Watching the Dark

15 May 2010

How do you know when you’ve crossed the line from harmless avocation into the dark realm of obsession?  Perhaps when you come away from a three-and-a-half hour banjo concert thinking, “That was refreshing!”  Cousin Curly not only survived but actually enjoyed the five-string smorgasbord that was the “Banjo Extravanganza” last Thursday.  If admitting that is a cry for help, so be it.

While the performers were tuning up (insert your favorite banjo joke here), I got into a brief conversation with some of the folks around me.  Like me, several were fans of Jens Kruger, subject of my last post.  At least a couple had attended workshops with Kruger, and they provided some insight into his approach to the instrument.  Apparently, he really stresses staying relaxed and not focusing too much on what your hands are doing.  According to my sources, this explains why, when he’s playing, he looks off into the distance:  it’s his way of staying loose and “in the moment,” as actors say.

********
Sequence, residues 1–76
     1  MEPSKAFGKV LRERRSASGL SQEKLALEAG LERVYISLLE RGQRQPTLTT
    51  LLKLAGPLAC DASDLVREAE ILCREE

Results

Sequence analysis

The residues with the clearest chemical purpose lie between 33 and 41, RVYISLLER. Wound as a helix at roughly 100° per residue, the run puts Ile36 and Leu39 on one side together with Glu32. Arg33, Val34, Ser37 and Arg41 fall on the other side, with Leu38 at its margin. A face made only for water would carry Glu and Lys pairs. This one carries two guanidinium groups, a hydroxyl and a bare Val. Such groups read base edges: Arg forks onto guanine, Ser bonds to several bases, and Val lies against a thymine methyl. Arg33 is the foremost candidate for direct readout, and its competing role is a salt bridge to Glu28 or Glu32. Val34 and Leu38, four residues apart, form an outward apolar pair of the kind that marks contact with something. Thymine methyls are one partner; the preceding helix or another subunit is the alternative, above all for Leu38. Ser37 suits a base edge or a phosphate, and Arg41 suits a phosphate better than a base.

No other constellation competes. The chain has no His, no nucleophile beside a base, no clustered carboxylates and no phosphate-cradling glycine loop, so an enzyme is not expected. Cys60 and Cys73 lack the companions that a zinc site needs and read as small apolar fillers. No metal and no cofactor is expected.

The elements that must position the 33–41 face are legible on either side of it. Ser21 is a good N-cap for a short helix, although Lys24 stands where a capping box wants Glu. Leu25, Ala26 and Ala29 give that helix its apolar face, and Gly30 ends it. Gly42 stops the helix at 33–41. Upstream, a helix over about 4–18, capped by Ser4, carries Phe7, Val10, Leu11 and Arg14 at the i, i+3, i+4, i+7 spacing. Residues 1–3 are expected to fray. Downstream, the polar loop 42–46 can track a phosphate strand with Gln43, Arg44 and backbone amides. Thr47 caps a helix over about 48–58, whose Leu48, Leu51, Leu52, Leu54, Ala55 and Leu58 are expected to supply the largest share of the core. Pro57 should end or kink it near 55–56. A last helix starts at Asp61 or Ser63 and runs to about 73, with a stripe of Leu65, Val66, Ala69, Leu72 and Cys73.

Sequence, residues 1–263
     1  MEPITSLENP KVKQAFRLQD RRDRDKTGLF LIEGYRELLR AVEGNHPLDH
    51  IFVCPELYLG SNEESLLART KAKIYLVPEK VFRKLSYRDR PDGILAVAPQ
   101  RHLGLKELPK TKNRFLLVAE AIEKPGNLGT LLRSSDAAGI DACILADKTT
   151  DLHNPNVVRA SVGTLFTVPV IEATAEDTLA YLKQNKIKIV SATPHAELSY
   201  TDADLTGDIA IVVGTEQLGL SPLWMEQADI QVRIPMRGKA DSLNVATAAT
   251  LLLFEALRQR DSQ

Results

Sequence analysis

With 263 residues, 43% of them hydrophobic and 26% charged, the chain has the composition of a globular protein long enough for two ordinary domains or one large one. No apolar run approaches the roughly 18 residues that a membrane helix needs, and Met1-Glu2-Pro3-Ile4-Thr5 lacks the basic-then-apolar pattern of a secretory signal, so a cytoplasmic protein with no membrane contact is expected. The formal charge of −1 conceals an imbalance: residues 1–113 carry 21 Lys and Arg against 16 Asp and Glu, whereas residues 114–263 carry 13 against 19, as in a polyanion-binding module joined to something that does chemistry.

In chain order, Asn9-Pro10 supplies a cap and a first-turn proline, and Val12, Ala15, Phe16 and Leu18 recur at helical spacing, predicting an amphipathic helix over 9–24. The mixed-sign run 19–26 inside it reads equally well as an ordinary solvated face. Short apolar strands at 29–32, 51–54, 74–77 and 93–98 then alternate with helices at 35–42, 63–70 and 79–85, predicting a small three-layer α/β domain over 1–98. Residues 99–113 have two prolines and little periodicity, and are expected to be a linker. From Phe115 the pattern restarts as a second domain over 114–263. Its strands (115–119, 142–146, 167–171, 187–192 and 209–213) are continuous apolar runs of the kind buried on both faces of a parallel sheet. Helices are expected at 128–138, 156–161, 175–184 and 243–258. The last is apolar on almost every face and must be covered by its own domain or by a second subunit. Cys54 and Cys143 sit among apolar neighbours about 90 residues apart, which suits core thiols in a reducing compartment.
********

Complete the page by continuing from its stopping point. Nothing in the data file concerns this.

One of my informants offered this related bit of Krugeriana:  supposedly, when Jens and his brother Uwe were learning to play bluegrass back home in Switzerland, they would practice together in the dark, presumably as a way of staying entirely focused on the sound they were producing.  Or perhaps it was just because electricity is as expensive as everything else in Switzerland.

It is interesting how many of the real virtuosos across the musical spectrum make a point of not looking at their hands when they’re playing.  Several years ago, guitar god Richard Thompson (best known in bluegrass circles for penning “1952 Vincent Black Lightning”) released a retrospective collection called Watching the Dark.  It took me a while to figure out that the title was a reference to Thompson’s habit of closing his eyes when he started a solo.

I’m gonna try practicing tonight in the dark.  Don’t know if I’ll sound any better, but I’m gonna look fantastic.  Let us know if you have practicing or performing tips that your pickin’ heroes use or that you’ve tried out yerself.

Yer Pal— Curly

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